Online Learning Tip #1: Have Correct Expectations


By Shannon Bicknell, Instructional Designer
Correct Expectations
A popular myth among students is that online classes are easier than face-to-face classes. While online classes offer more flexibility and generally require little to no travel, they are absolutely as rigorous as face-to-face classes. Many of our online classes at Illinois are taught by the same faculty members who teach them in the classroom, so rest assured that you will be challenged with interesting course material and assignments.

If you are new to online learning, there are steps you can take to ensure you are prepared.

1. Determine which format is right for you.

Online classes are offered in a variety of formats, so when signing up for an online class, make sure to select a format that fits your schedule and make sure you understand what will be expected of you. For instance, there are blended courses that require some class attendance, perhaps every other week or a few times a semester. There are online courses that require some virtual attendance at a specific time each week. There are also online courses that do not require virtual attendance.

When considering attendance options, think about which option will set you up for success and which option fits into your schedule. If you think you would benefit from the structure of some face-to-face or live virtual sessions, then courses with those features may be right for you. If you have a varied schedule, then perhaps the greater flexibility of a fully online course would be better.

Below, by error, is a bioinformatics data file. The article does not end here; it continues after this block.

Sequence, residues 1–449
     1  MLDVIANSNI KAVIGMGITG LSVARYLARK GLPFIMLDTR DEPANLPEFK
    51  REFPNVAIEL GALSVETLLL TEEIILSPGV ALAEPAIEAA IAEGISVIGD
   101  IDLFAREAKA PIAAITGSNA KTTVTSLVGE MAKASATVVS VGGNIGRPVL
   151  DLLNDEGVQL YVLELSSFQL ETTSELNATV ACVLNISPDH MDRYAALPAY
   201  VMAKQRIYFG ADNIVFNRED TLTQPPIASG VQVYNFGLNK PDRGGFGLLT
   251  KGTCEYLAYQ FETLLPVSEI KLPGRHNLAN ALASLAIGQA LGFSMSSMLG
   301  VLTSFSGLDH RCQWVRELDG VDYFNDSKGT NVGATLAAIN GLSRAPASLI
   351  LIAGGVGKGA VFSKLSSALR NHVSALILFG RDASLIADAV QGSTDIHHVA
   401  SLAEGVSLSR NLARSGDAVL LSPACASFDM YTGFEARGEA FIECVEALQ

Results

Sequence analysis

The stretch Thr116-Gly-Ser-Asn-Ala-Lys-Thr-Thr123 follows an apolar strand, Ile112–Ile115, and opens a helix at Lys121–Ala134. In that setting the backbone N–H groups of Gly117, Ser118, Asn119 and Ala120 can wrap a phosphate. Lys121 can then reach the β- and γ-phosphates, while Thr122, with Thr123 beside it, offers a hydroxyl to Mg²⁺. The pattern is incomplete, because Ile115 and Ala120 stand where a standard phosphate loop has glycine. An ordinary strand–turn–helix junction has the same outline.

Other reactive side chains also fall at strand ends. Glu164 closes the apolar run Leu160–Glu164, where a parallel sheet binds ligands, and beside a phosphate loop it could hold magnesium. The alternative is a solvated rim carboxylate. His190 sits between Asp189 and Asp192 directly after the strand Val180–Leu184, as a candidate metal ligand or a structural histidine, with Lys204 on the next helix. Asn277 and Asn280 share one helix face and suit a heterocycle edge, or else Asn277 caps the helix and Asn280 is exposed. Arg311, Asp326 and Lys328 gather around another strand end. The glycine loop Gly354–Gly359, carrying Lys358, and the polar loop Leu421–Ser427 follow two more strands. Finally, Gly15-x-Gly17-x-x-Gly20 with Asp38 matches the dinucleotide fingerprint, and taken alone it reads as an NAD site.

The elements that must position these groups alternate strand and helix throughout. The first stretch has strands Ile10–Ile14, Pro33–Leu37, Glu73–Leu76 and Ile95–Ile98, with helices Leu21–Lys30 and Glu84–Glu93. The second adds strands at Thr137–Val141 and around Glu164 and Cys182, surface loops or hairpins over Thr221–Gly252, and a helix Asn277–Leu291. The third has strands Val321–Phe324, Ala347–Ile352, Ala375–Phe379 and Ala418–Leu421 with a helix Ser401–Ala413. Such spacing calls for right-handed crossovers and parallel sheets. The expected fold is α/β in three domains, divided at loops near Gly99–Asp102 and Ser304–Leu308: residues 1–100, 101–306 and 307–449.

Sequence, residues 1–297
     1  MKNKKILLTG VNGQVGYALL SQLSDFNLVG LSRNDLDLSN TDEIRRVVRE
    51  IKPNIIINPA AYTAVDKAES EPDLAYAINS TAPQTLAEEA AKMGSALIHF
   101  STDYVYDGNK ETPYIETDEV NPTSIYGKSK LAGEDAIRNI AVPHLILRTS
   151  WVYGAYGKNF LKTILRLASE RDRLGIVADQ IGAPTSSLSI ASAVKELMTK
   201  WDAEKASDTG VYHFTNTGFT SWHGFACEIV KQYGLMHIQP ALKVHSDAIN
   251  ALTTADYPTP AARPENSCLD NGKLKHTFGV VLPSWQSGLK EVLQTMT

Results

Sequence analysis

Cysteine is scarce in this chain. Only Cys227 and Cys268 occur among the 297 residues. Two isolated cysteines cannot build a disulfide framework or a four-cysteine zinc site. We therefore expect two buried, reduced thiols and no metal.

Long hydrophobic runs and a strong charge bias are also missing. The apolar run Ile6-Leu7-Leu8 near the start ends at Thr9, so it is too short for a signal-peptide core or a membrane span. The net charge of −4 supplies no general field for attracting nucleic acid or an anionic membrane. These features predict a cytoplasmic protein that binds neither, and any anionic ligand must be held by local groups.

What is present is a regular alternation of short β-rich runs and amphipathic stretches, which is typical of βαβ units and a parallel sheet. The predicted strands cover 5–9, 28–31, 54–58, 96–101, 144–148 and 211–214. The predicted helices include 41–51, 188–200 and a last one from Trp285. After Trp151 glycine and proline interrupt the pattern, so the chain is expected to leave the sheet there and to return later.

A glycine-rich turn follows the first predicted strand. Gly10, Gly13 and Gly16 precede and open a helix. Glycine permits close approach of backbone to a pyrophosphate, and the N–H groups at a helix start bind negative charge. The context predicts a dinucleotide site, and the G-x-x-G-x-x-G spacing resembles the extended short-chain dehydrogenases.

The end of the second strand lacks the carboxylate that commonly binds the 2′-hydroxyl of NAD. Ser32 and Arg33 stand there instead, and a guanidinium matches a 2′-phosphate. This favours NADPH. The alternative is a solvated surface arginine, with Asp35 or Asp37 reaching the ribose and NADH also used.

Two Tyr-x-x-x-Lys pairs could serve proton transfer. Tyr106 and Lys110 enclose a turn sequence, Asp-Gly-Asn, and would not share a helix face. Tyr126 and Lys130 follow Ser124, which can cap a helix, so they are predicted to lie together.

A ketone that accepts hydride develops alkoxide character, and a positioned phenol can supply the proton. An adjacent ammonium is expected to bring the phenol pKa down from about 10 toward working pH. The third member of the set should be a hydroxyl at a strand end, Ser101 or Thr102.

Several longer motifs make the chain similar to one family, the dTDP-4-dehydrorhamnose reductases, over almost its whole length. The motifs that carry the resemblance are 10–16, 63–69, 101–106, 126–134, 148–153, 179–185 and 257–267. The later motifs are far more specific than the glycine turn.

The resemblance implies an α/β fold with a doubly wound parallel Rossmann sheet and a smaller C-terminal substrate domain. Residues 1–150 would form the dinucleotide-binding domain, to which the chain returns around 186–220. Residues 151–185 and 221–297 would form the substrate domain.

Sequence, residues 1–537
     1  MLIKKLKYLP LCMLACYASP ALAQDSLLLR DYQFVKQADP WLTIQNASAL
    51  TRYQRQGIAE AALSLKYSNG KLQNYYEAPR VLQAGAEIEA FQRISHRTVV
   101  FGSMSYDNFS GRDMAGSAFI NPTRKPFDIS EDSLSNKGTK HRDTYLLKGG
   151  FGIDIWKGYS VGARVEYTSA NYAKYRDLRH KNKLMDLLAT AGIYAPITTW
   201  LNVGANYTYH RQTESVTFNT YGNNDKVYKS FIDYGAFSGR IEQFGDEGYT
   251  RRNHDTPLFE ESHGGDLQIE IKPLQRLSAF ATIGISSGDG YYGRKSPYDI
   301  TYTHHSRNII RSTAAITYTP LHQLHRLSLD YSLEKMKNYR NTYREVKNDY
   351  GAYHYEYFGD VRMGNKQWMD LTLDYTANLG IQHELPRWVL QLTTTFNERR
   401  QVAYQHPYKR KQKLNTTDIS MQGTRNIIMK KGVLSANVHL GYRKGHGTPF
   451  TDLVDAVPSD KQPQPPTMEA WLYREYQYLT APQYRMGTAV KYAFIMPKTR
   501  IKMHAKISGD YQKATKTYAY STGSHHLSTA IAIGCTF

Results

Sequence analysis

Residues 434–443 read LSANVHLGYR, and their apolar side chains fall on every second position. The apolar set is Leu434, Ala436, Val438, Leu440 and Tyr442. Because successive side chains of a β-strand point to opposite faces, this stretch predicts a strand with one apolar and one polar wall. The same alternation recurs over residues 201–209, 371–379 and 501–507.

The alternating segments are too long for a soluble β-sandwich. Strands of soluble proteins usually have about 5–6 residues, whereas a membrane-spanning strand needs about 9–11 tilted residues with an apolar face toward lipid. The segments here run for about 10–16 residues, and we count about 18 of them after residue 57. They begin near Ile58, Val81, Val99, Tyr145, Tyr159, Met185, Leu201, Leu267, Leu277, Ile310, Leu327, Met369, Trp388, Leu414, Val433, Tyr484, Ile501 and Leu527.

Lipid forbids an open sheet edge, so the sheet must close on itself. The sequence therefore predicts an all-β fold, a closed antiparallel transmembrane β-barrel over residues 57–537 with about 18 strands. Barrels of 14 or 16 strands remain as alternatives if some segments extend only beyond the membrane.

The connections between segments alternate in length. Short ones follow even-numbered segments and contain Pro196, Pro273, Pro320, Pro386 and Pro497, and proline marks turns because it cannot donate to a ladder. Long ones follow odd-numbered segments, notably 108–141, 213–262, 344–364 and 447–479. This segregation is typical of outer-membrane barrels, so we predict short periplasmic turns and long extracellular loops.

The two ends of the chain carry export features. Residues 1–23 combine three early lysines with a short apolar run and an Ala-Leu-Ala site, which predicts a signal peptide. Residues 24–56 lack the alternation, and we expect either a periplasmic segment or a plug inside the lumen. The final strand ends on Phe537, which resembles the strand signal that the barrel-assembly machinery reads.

Additionally, there are online courses offered in 4-week and 8-week compressed formats. With all of these options, take the time to select what will work best for you so that you can have the best learning experience possible.

2. Prepare for the pacing of 4-week and 8-week courses.

If you choose to take a 4-week or 8-week course, take some time to mentally prepare for a more fast-paced learning experience. You probably have taken a number of 16-week courses in your career as a student, so you are already used to the pacing that comes along with learning material over an entire semester. However, if you are taking a 3-credit hour course in a compressed format, this means you will need to dedicate more hours per week to your course work than you would if the work was spread out over 16 weeks.

What does this amount to? On average, it amounts to dedicating 10-12 hours per week to an 8-week course and 16-24 hours per week to a 4-week course. The time investment is well worth it!

3. Actively participate in your course orientation.

Another way to prepare is to actively engage in your course orientation. Most online courses offer an orientation a week or two before the course starts, so this is a great opportunity for you to review the syllabus and class schedule. Take note of the number of assignments and when they are due. Does the course have multiple deadlines per week or one deadline for all the work within a week? Compare this to your availability and schedule to see if it will work for you. If you have questions about the workload or expectations, this is a great time to reach out to your instructor.

By going into the experience with correct expectations and excellent time management skills, you will have the opportunity to engage in rigorous course work and complete the course in a shorter amount of time. You can do it if you are prepared to take on the challenge!

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